Tokyo lifts restrictions on travel and entertainment as COVID-19 is under control
Travel to and from the prefectures of Tokyo, Saitama, Chiba, Kanagawa and in Hokkaido is now cautiously possible. Restrictions on bars, nightclubs, exhibitions, and concerts have been lifted.
Tokyo (AsiaNews) – The Japanese government this morning lifted the last restrictions on travel and entertainment establishments put in place to curb the coronavirus pandemic. It hopes that this will revive the country's economy, which has been badly affected by the lockdown.
Although the state of emergency ended on 25 May, some restrictions were left in place. On 1 June, travel restrictions were lifted, except for five prefectures: Tokyo, Saitama, Chiba, Kanagawa and Hokkaido.
Prime Minister Shinzo Abe announced the move last night. “We will get the economy running again while taking every precaution against a further rise in infections,” he said.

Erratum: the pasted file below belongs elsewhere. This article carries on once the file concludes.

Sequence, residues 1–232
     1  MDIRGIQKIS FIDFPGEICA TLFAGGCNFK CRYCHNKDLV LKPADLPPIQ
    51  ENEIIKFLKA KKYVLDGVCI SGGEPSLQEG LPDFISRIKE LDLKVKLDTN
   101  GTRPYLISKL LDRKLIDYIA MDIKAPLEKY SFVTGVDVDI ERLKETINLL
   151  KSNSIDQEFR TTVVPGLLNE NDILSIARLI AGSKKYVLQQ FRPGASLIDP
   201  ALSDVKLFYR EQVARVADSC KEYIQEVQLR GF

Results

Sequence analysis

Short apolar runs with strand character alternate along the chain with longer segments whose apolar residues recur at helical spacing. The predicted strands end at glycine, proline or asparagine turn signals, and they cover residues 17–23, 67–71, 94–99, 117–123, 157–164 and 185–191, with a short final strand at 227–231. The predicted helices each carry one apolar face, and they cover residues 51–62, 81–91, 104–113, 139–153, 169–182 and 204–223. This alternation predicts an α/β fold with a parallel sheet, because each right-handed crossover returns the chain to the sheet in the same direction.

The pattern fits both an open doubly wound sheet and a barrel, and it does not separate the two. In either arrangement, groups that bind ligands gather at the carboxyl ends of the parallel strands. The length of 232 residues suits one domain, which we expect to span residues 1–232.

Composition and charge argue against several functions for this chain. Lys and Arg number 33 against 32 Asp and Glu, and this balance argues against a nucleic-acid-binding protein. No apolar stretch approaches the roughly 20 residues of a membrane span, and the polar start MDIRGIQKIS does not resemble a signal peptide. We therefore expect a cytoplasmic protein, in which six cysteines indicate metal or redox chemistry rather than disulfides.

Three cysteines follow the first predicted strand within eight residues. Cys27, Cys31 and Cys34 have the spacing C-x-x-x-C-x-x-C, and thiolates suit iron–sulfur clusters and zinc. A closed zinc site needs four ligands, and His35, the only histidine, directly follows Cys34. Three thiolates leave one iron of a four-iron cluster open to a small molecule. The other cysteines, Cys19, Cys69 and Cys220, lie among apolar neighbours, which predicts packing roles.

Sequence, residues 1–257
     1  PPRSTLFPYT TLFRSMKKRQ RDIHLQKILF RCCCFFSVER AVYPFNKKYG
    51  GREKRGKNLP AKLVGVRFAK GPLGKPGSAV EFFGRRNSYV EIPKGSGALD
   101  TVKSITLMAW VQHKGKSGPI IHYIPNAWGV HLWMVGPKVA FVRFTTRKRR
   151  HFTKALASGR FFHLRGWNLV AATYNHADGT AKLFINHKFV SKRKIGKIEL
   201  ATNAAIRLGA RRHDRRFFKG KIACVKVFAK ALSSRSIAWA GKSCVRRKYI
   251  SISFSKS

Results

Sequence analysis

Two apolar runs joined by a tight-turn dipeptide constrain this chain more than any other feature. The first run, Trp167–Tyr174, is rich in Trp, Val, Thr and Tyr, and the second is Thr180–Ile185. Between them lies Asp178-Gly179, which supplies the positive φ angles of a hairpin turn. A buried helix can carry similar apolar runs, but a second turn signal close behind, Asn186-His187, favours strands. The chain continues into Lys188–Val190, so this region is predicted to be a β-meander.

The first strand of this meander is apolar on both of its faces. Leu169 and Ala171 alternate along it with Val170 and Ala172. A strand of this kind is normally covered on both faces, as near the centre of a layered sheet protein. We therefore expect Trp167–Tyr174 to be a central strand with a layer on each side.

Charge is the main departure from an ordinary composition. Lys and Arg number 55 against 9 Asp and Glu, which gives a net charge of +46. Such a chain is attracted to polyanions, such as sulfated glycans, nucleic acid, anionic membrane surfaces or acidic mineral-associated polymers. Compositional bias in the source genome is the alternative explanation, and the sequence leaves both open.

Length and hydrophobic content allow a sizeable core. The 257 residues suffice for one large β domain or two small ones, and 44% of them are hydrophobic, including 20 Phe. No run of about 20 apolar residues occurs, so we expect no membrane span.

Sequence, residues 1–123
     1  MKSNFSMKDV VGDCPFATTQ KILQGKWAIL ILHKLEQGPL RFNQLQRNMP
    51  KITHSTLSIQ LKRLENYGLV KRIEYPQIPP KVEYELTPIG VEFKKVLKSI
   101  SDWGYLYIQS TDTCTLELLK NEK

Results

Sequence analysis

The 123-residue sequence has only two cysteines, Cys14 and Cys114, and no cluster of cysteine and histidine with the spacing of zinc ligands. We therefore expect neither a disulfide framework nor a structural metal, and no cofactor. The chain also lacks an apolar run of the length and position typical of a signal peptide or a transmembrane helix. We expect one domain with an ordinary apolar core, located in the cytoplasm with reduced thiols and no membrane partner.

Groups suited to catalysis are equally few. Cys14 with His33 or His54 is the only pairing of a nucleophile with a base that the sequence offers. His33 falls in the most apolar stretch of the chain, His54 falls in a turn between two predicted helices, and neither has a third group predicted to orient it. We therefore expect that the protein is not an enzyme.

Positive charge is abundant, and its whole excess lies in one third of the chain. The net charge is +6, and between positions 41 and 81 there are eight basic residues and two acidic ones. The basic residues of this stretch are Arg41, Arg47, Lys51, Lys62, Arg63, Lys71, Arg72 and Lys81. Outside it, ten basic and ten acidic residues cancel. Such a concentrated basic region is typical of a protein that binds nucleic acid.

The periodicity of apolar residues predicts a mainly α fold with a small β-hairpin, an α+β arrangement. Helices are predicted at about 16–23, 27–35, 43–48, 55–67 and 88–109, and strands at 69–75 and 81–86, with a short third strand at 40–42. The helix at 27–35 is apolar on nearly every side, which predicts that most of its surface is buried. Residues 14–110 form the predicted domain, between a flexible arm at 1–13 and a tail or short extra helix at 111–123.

As of today, people can travel anywhere in the country. However, the authorities recommend travelling only if really necessary to and from the five aforementioned prefectures.
Conversely, exhibitions, concerts and other events with a capacity for up to 1,000 people are now possible starting today. Large-scale events, such as professional sports activities can be held but without spectators.
Host and hostess clubs, bars, nightclubs and other similar establishments, as well as live music houses, will also be allowed to reopen as long as they comply with guidelines and other conditions.
Restrictions have been lifted even though dozens of new infections are still being reported in the capital, 35 today alone.
Japan’s first coronavirus cases date back last January. In late February, all schools were closed. in April, some prefectures, including Tokyo, were placed under a month-long lockdown.
Subsequently, a state of emergency was declared for the whole country. So far, Japan has had 17,382 positive cases with 924 deaths.
As a result of the pandemic, Japan’s growth domestic product (GDP) dropped by 3.4 per cent in the first three months of 2020. This follows a 6.4 per cent decline in the last quarter of 2019, pushing Japan into a technical recession.